Seating Die inconsistency

Discussion in 'Rifles, Bullets, Barrels & Ballistics' started by Deadeye, May 3, 2003.

  1. Deadeye

    Deadeye Member

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    I currently use RCBS and Lee dies for .224 reloading and when seating Nosler, Hornady, and Sierra bullets none will seat to the exact depth every time. Some will be off by as much as .008. Is this because the die seating stem does not touch the bullet's ogive. If so could a person drill out enough to correct this or is there a seating die that contacts the ogive only. Thanks, Deadeye
     

  2. BountyHunter

    BountyHunter Writers Guild

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    Are you measuring seating depth off the ogive or OAL?
     

  3. NUN

    NUN Member

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    Deadeye. Here is something to think about. I measured several boxes of Nosler bullets, BT and Parts in several calibers. Most of the BT's, between 85 to 95 percent all measured the same bullet length while the other percent ran up to +/- 0.005". I shot two 5 shot groups with 22, 6mm and 338 BT's with the uniform length bullets and one 5 shot group with the variable length bullets at 200 yds and I couldn't really tell any difference in group size. May not be totally scientific but I'm not out to do Nosler's QC.

    But......I do use measurements from the ogive of the bullet, NOT the OAL of the loaded round. Get a Stoney Point OAL gauge and you will find your seating dies becoming more uniform.

    That is not to say that the ogives are precise either because, again, I have measured boxes of different brand bullets, different calibers and found variation in the diameter of the ogive at the point of measurment in all of them. One box of Speer 50 TNT had only 58 that measured the same. They all shot within the capabilities of the particular rifle I was using, that is, the TNT's wasted 92 potguts, a couple of magpies, a crow, 3 starlings and 3 misses, there were 101 in that box.

    Over all I found Nosler to be the most consistently uniform bullets in length, weight, ogive and accuracy and I can get them about half price so I use them more than any other brand, but I also like Hornady and Sierra for certain rifles.

    For long range stuff I weigh and measure the OAL, diameter and ogive and use the most uniform. The others get to be sighters, foulers, key chains etc.
     
  4. Deadeye

    Deadeye Member

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    BountyHunter- I measure from the ogive once I seat the bullet for a consistent seat. If I measure from the tip I get a varience of OAL. This does take time. This is for my Kimber 84M 22.250 because it is real fussy about what I feed it. My Savage .223 eats anything I feed it with much enthusiasm.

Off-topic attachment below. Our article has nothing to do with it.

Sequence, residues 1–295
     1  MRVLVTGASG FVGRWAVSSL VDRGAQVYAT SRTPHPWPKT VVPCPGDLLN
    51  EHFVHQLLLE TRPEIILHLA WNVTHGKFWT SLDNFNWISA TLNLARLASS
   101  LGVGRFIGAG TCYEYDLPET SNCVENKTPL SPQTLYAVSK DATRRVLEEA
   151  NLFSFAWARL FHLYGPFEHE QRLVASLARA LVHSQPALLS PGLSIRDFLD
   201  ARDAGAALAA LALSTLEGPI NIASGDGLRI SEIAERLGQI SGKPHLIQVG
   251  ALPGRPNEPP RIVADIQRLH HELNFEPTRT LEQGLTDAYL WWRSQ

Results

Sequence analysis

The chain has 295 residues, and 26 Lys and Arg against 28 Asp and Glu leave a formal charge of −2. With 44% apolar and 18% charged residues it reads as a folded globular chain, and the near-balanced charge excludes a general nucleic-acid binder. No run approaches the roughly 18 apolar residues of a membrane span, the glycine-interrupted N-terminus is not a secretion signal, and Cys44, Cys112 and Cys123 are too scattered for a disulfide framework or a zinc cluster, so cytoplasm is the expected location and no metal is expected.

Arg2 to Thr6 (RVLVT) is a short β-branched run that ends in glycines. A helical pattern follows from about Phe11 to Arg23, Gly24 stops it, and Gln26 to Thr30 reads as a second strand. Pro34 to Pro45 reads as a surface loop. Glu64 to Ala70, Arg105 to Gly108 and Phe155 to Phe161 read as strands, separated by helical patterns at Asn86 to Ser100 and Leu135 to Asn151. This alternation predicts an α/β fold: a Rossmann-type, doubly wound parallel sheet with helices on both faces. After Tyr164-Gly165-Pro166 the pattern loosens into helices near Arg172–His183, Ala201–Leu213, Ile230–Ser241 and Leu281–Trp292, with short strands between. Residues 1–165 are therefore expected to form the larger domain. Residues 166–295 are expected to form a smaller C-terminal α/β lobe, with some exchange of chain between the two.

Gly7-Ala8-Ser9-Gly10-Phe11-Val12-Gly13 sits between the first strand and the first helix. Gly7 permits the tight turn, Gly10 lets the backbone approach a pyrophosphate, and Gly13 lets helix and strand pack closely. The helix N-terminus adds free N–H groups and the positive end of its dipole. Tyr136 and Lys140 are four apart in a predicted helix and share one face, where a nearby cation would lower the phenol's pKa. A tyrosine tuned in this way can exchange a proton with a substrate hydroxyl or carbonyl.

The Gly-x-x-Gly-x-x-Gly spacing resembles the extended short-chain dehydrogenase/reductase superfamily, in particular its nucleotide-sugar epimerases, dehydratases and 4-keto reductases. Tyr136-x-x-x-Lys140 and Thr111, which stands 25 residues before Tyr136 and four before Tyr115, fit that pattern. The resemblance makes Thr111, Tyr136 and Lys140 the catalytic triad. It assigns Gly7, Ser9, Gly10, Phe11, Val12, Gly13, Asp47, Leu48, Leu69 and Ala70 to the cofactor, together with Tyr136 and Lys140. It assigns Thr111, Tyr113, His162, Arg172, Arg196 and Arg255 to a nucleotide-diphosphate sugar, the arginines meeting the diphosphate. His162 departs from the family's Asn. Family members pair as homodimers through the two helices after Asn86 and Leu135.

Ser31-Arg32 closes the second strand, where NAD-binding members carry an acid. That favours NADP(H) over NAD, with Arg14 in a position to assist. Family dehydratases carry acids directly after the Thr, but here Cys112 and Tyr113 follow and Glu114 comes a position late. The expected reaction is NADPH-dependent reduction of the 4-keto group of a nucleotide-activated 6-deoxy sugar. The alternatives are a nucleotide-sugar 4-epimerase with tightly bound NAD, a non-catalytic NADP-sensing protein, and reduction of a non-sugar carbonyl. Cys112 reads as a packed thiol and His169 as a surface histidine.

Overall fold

BOONYTOO- I guess your method is what I will have to do. I was hoping for some timesaving on reloading since it is not as much a hobby now since I shoot several thousand rds. in a summer on Pdogs. I will check in to some Nosler bullets more now. I have been told that Nosler was more consistent but my majority of bullets is Horn. Vmax.
    Thanks guys for the answers. It is appreciated!
     
  5. NUN

    NUN Member

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    Deadeye

    Treating your rifle as a multi-component system and reducing variability in every component is the key to uniformity, and unifority is the key to the winners circle. It doesn't matter whether you're bowling, golfing or doing the grand.

    Learning which variable is the most important and carries the most weight is difficult to find. Some of the information is a jealously guarded secret because it keeps you in the winners circle, but a lot of it is getting loose now because of the 'net.

    You found one of the variables, don't let it go. Keep looking, measure everything you can get your hands on, question everyone and test it thouroughly. Search the net thoroughly, most of the secrets have been told, but remember, disinformation is part and parcel of this game and human nature.

    I take great care loading for long range, less for close work. Every component is as close to the next as I can get it, within the boundries I set for that activity, i.e., to 300 yds, 300 to 500 yds, 500 to 1000yds and beyond.

    To 300 is basically grab a box of bullets, a can of powder, some primers and a bag of brass and get to loading. I check a dozen or so brass out of a 100 to see the variability, Rem or Win brass, it doesn't seem to matter much. I shoot a few 5 shot groups with known good loads to see if they are still good loads for that rifle, load 2 or 3 hundred and go shooting. A squirrel doesn't know or care what the seating variability or ogive point was whatsoever.

    Out past 300 to 5-600 yds I start getting more careful with all the system components and moreso with the ammo. The brass gets uniformed, separated closer by weight, necks turned, primer pockets and flash holes cleaned up, pretty much all the standard practices, bullets get a closer once over and the extremes tossed into the short range bin.

    When I am going for over 500 yd specifically, I have a couple of full blown basically BR rifles and everything is designed for small targets at long range and I get real extreme with the ammo uniformity. 50 some years of knowledge, tools, a failed marriage and total and complete malevolence goes into each and every round because each is designed for only one thing and missing a target brings out the dark side and Mr. Vader...for a few seconds anyway, I have mellowed out quite a bit since the hair turned white.

    Good rifles with good tubes can be a bit finicky sometimes, arguably. Maybe they need less variability to shoot to their potential.

    Enjoy your toys.